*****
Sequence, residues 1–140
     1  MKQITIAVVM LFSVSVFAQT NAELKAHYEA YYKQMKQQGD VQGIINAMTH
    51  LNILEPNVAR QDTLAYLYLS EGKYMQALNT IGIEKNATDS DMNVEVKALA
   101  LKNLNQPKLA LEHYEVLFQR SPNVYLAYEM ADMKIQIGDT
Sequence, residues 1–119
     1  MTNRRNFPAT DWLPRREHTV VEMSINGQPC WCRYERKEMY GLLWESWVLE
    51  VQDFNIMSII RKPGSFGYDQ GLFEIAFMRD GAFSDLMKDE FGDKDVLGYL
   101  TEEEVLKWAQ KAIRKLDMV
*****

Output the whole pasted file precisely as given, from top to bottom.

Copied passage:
Sequence, residues 1–140
     1  MKQITIAVVM LFSVSVFAQT NAELKAHYEA YYKQMKQQGD VQGIINAMTH
    51  LNILEPNVAR QDTLAYLYLS EGKYMQALNT IGIEKNATDS DMNVEVKALA
   101  LKNLNQPKLA LEHYEVLFQR SPNVYLAYEM ADMKIQIGDT
Sequence, residues 1–119
     1  MTNRRNFPAT DWLPRREHTV VEMSINGQPC WCRYERKEMY GLLWESWVLE
    51  VQDFNIMSII RKPGSFGYDQ GLFEIAFMRD GAFSDLMKDE FGDKDVLGYL
   101  TEEEVLKWAQ KAIRKLDMV